6. The garment of claim 1, wherein the at least one side-emitting optical fiber is retained to or integrated with the base layer to provide the garment with a double or multiple layer construction in the at least one light-emitting zone.
7. The garment of claim 1, wherein the base layer at least partially surrounds the at least one light-emitting zone to provide the garment with at least one non-illuminated zone where the at least one light-emitting zone is not located.
8. The garment of claim 7, wherein the base layer is a single layer construction in each non-illuminated zone.
9. The garment of claim 1, further comprising at least one reflective yarn retained to or integrated with the fabric base layer, wherein the reflective yarn is configured and located with respect to the at least one side-emitting optical fiber to reflect light emanating from the at least one side-emitting optical fiber toward the targeted body area.
10. The garment of claim 9, wherein the reflective yarn is located in at least one reflective layer that surrounds and has a larger area than the at least one light-emitting zone.
11. The garment of claim 10, wherein the garment has a double or multiple layer construction in the at least one reflective layer, the fabric base layer at least partially surrounds the reflective layer so as to provide the garment with at least one non-illuminated zone where the at least one illuminated zone is not located.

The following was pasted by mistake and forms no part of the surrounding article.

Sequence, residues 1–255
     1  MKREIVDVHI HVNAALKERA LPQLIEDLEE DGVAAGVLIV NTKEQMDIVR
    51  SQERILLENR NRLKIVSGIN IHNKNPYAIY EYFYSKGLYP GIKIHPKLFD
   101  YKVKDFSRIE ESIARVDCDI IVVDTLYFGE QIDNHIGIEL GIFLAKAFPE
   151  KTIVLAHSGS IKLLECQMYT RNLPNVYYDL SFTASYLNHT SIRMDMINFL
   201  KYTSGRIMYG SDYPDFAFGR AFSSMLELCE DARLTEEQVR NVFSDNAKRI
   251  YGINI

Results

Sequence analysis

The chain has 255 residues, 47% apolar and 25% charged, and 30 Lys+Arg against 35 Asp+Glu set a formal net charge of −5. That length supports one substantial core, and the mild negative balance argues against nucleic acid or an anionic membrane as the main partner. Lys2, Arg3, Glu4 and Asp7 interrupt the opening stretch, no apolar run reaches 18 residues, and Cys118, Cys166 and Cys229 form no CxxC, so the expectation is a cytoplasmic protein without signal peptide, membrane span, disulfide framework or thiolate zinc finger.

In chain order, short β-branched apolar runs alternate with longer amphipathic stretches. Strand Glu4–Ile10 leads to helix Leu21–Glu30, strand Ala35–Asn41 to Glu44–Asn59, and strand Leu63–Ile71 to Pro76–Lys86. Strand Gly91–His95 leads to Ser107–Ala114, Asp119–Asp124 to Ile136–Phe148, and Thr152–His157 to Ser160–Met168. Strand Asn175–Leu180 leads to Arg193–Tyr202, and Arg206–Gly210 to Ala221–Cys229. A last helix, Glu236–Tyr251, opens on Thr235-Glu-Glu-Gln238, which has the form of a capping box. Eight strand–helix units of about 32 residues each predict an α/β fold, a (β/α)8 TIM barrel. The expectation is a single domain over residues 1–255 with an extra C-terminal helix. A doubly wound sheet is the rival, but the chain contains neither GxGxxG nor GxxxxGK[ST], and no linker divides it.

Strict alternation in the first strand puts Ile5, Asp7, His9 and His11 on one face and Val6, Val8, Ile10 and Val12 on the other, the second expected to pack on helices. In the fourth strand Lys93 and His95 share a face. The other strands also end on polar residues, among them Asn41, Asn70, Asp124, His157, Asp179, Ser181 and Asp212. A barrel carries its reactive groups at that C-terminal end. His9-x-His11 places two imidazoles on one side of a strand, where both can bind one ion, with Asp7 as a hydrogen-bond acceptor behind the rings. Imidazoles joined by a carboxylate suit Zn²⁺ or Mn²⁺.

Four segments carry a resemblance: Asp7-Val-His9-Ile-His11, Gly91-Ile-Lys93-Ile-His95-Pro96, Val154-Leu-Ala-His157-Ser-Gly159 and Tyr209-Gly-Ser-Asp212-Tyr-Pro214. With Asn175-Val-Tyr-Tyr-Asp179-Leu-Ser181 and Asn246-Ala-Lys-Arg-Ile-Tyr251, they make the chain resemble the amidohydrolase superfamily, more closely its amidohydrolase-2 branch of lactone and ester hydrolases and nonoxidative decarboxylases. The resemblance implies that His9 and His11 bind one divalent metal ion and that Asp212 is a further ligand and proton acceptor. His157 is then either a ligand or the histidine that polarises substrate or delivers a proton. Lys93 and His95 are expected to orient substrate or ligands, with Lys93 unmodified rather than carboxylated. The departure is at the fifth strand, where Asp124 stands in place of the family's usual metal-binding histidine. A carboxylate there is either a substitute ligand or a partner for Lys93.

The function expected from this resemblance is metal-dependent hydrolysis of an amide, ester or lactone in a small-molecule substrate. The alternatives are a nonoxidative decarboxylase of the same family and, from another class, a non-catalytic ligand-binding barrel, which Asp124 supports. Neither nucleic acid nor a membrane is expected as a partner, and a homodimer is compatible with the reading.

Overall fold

12. The garment of claim 1, wherein the fabric base layer is configured to conform to the person's skin when wearing the garment and the fabric base layer retains the at least one side-emitting optical fiber adjacent to or in contact with the person's skin when wearing the garment, and the at least one light-emitting zone is adjustable when the person is wearing the garment to modify a position of the at least one light-emitting zone with respect to the targeted body area of the person wearing the garment and maintain contact with the person's skin while moving.
13. The garment of claim 1, wherein the fabric base layer is a knit fabric base layer and includes a plurality of loops that hold in position the at least one side-emitting optical fiber against an inner side of the fabric base layer.
14. The garment of claim 13, wherein each loop has an apex offset from the inner surface of the base layer a greater distance than a distance at which the least one side-emitting optical fiber is offset from the inner surface of the base layer.
15. The garment of claim 13, wherein more than 90% of a total area of the at least one side-emitting optical fiber facing toward the person's skin in the at least one light-emitting zone is not covered by the plurality of loops and is exposed to the person's skin.
16. The garment of claim 1, wherein the light source is optically connected with the at least one side-emitting optical fiber, and the light source and the at least one side-emitting optical fiber located within the at least one light-emitting zone are configured to project light away from the inner side of the base layer having a wavelength between 630 nm and 900 nm.
17. The garment of claim 1, wherein the at least one side-emitting optical fiber is bent over itself in the at least one light-emitting zone and has a bend radius of less than 4 mm.
18. The garment of claim 1, wherein the at least one side-emitting optical fiber has an outer diameter less than 1 mm and is bent over itself in the at least one light-emitting zone and has a bend radius of less than 3 mm.
19. The garment of claim 1, wherein the at least one side-emitting optical fiber has an outer diameter less than 0.5 mm and a bend radius of less than 2.5 mm, and the fabric base layer includes yarn having an outer diameter greater than the at least one side-emitting optical fiber.